Pitcher Ian Snell's job in doubt after Mariners lose 12-2
Mariners pitcher Ian Snell serves up eight runs in the first two innings and the Mariners fall to nine games out of first place in the AL West.
Seattle Times staff reporter
Mariners @ Texas, 5:05 p.m., FSN
For the record
vs. AL West: 7-20
vs. L.A.: 2-7
vs. Oakland: 3-6
vs. Texas: 2-7
vs. AL East: 6-8
vs. AL Cent: 9-6
vs. NL: 1-2
vs. LHP: 6-13
vs. RHP: 17-23
Extra inngs.: 1-6
ARLINGTON, Texas — A composed-sounding Ian Snell talked about holding his head high, something pitchers try to do when they're on their way out of a game and headed for the showers.
But in Snell's case, the beating he absorbed in this 12-2 loss taken by the Mariners on Wednesday night will likely result in a far more serious exit from the starting rotation and possibly the team. It became clear in watching Snell give up eight runs — seven earned — in just 1-2/3 innings against the Texas Rangers that he can no longer be trusted to take the ball every fifth day.
And now, it remains to be seen whether the Mariners will even attempt to keep working with Snell in a bullpen role, or simply designate him for assignment as they try to repair a season going up in flames.
"I sucked it up out there and nobody can blame this on (anyone) but myself. I can take this on myself," Snell said afterward. "Just keep my head held high, keep going after it. It's still a long season, and things can turn around."
The problem is, the Mariners likely won't want to wait for that turnaround at the risk of Snell punting away every fifth game. Mariners manager Don Wakamatsu, who knows his team has to start winning before he is held accountable, said afterward that Snell's status will be reviewed over the next day or two.
Wakamatsu may have already found Snell's rotation replacement in Luke French, who came on and tossed 5-1/3 frames of four-run ball in his first prolonged stint since being recalled from Class AAA last weekend.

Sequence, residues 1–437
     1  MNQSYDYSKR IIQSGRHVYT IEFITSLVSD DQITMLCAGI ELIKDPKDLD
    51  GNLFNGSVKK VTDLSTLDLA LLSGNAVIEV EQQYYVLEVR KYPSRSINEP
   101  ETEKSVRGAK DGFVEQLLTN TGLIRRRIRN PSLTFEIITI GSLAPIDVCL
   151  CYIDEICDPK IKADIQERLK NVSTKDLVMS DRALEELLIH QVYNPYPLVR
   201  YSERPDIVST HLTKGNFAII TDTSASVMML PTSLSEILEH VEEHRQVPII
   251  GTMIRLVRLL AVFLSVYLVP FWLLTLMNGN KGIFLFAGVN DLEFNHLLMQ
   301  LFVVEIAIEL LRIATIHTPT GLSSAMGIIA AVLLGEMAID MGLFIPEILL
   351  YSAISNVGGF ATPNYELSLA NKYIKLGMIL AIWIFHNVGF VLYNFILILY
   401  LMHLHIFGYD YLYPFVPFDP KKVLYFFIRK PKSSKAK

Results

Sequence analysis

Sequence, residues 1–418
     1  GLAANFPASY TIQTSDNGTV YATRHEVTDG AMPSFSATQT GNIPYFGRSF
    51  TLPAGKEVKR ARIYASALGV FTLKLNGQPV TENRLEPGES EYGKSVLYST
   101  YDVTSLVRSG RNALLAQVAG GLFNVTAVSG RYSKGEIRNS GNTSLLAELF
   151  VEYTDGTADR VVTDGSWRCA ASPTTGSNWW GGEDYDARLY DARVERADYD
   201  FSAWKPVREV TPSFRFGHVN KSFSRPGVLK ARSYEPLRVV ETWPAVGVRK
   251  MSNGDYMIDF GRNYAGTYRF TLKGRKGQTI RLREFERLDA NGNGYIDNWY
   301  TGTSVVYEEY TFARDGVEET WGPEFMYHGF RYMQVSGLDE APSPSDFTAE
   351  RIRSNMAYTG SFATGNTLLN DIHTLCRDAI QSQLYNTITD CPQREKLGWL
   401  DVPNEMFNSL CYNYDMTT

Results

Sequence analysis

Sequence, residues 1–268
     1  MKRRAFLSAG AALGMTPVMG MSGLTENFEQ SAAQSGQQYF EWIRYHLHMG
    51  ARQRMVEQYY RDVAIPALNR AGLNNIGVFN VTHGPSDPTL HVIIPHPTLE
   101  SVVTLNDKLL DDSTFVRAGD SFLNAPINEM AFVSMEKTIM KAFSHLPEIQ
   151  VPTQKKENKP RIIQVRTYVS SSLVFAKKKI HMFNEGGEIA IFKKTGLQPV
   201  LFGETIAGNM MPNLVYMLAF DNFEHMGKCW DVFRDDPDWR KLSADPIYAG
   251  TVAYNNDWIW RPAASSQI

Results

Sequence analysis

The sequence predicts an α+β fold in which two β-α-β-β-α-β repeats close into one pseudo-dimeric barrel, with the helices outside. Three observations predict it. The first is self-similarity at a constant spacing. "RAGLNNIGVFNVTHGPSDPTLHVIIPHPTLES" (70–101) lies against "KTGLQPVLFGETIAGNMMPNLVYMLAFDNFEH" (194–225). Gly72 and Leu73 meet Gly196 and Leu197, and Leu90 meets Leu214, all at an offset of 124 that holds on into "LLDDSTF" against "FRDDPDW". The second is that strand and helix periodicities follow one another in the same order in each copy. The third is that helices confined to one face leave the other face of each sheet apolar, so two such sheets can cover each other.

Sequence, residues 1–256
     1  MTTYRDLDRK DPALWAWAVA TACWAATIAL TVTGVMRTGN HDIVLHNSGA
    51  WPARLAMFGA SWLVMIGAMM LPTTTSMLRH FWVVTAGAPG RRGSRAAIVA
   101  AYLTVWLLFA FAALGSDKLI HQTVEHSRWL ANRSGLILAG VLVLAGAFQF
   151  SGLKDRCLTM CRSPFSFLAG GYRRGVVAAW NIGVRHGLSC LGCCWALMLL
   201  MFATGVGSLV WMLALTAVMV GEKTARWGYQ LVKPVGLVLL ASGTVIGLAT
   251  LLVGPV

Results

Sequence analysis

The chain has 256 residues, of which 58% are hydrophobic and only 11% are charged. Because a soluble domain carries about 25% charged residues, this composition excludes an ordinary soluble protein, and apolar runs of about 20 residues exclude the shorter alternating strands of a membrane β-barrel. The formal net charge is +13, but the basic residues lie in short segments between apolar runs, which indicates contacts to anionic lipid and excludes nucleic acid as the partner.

"Possibly," Wakamatsu said of French joining the rotation. "It was his first long outing up here, and we were able to stretch him out. It gives us that option."
French had little doubt what his job was when the team called on him. "Just to get outs," he said. "To pick up your teammates. Just go out there and get as many outs as you can and when you're done, you're done."
Wakamatsu's team, picked by some to contend for a playoff spot, fell a season-high 13 games under .500 and nine games out of first place in the American League West.
The Mariners actually opened the scoring in this one, taking a 2-0 lead in the first inning on back-to-back doubles by Jose Lopez and Josh Wilson, off Rangers starter C.J. Wilson.
But Snell gave two runs right back in the bottom of the first on a Michael Young home run and a Vladimir Guerrero double. Then, in the second, the Rangers launched a two-out, six-run rally when Young muscled an 0-2 hanging slider into center field for an RBI single.
Snell was asked whether his game might have gone differently had he not served the two-strike, 83 mph pitch right across the middle of the plate.
"No, to tell you the truth, I don't think any pitch would have made a difference," he said. "He got the bat on the ball and they found a spot in the outfield and that's how it was all night for us."
Snell landed only five first-pitch strikes to the 15 batters he faced. But he doesn't feel it's a command issue plaguing him, more a case of being too "feely" and "fine" in trying to make his pitches.
"I'm not really too worried about it," Snell said. "Maybe lack of confidence, or something like that. But it's all right. I'll keep my head held high and keep getting after it. That's all I can do. I'm not going to sit here and complain about it. If I sucked, I sucked. I'm just going to take it how it is and keep going forward."
Whether he goes forward with the Mariners is still up in the air. Left trailing 8-2 after two innings, his teammates summoned just two more hits off C.J. Wilson after the first inning and allowed him to get through seven.
"You come out and score two runs and feel like you're going and then you give it right back with the two," Wakamatsu said. "We still thought we were in pretty good shape, and then all of a sudden in the second he gave up six runs. It kind of deflated us at that point."
And now, Wakamatsu must find the right combination of players who can reinflate his sagging team — before he becomes the one forced to hold his head high as he braces for an exit.
Geoff Baker: 206-464-8286 or email@example.com
Seattle Times transportation reporter Mike Lindblom describes some of the factors that may have led to the collapse of the I-5 bridge over the Skagit River in Mount Vernon on Thursday, May 23.